The sea is a lonely place at the best of times but this was one of those moments when I realized how totally alone I could be. Even the sensation of being so isolated in the middle of an ocean with no one around for a thousand miles cannot compare to this night in the shipping lanes.
Dead tired, I was getting confused. Bright halogen lights decked the passing ships from stem to stern as part of their anti-piracy defenses. With their regulation navigation lights obliterated, I had no way of knowing what they were doing, whether they were coming or going and at what angle.
I steered the Unicorn back to the inside edge of the traffic lanes - keeping outboard of the line of ships. The waters outside the channel were nearly as dangerous; unmarked reefs, unlit fishing boats, floats and nets formed as much of a gauntlet as the merchant ships inside. Still, I felt safer.
Somebody was smoking nearby. Once at night off the Sri Lanka coast, I smelled cigarette smoke; a few minutes later I had to throw the tiller hard over to avoid an unlit fishing boat pulling up its nets. Only at the last moment did I spot with my binoculars the glow of a cigarette hanging from the mouth of a fishermen. There was no doubt this night - someone close was having a smoke - a Gudang Garam, the sweet clove-scented cigarette so popular in Indonesia. Senses heightened, I tried to sort through the throaty vibrations of passing ships and strained to detect the shadows of a fishing boat that I was convinced I was about to hit.
Admitting to my own building fears, I went below to switch on the VHF radio. Just in case. The radio had seemed useless. The frequencies were either jammed with shrill whistles, a favorite Asian calling technique, or the night-time taunts between Filipino, Malaysian and Indonesian fishermen, anonymously calling each other: "Hey, monkey - you Indonesian monkey." "Hey, you Philippine pig - you eat your mothers shit, YOU big monkey." Tonight the radio was controlled by someone who kept the microphone keyed open next to an AM radio playing some twangy Chinese tune. A ship calling a distress or trying to get through to another would be blocked unless it had a more powerful signal. I certainly did not.
A sudden jolt threw me off balance. My first thought was that I had hit an uncharted reef or a partially submerged container that had fallen off a cargo ship.
I gripped the handrail, heart beating in my throat. Vibrations rattled the hull - another vessel, powered by a large engine, had come alongside my boat. I felt the thump as someone. Then a second jumped onto the deck. Hushed but excited voices from above sent a wave of acid horror into my gut. I froze. The sudden unexpected sound of people when you've been alone for days is terrifying. Somebody is on my boat!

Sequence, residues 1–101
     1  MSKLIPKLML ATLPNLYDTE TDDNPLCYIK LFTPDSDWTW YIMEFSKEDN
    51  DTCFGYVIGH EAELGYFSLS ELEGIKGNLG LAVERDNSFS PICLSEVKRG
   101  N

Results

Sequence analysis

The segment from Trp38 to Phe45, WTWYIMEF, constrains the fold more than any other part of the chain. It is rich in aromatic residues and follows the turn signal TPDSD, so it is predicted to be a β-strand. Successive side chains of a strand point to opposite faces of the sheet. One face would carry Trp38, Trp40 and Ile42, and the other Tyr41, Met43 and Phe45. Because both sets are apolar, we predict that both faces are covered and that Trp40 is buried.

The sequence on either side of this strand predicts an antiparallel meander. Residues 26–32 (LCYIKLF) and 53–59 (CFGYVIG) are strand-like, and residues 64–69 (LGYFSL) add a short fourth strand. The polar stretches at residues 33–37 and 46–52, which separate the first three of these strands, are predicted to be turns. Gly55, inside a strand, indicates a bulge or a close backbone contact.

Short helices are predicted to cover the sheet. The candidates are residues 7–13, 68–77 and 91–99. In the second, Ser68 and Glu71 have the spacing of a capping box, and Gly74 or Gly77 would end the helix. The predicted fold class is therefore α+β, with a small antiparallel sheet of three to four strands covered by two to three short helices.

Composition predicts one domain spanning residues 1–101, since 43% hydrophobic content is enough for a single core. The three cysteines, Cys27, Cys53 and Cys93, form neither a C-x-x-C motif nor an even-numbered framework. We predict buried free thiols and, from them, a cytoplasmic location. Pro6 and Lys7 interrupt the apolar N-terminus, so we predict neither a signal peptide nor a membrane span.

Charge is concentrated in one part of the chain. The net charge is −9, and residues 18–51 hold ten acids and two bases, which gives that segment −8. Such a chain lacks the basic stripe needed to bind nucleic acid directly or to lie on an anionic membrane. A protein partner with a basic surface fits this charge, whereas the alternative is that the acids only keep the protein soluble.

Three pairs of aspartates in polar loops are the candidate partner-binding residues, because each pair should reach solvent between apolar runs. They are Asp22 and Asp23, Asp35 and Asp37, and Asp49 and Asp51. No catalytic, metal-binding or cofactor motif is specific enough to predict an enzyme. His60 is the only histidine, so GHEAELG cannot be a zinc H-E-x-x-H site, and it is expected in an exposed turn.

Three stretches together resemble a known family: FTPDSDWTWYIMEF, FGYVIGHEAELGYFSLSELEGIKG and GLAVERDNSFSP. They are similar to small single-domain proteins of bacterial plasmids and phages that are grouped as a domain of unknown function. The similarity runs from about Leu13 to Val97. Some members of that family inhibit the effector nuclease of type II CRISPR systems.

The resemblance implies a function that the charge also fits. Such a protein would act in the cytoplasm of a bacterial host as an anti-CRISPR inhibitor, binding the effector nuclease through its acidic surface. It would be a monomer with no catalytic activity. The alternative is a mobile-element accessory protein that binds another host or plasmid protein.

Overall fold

I couldn't run, I couldn't hide. I felt the panic of a trapped animal. The voices were getting more agitated as the intruders stumbled around on the rolling deck. By God, I'll throw these guys off! I pulled my Indonesian machete out of its scabbard and turned to run topsides.
But this was pirate country and I had been warned. I had to calm myself and think. I replaced the knife in its sheath. I would fight only as a last resort; my life was more important than the toys on board. I would give them anything they wanted - except the Unicorn itself. On wobbly legs and scared to death, I pulled myself up the companionway steps.
A military-style patrol boat about the length of the Unicorn had tied up to me. Low-slung and ghostly, the boat was only a colorless silhouette - except amidships where the orange glow of a cigarette briefly illuminated a dark face. Two shadowy figures shrouded in terrifying silence stood opposite, pointing rifles at me. The decision not to resist was the right one. It was probably better they had guns; had they been unarmed, I might have made a mistake.
I had worked in Jakarta and had a basic knowledge of Bahasa Indonesia; I had liked those with whom I had worked and found the people generally a courteous lot. "Salamat Datang!" I welcomed them. My quavering voice belied my fear. I couldn't fight, I couldn't argue, I could only try to be polite, a trait that Indonesians find indispensable. It was said in Jakarta that if you were robbed in your home, the thief will apologize before killing you.